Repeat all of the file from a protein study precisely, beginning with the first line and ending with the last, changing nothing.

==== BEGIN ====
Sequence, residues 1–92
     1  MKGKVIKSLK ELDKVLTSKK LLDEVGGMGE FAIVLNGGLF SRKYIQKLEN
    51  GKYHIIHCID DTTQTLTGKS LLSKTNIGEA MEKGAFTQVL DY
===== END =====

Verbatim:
Sequence, residues 1–92
     1  MKGKVIKSLK ELDKVLTSKK LLDEVGGMGE FAIVLNGGLF SRKYIQKLEN
    51  GKYHIIHCID DTTQTLTGKS LLSKTNIGEA MEKGAFTQVL DY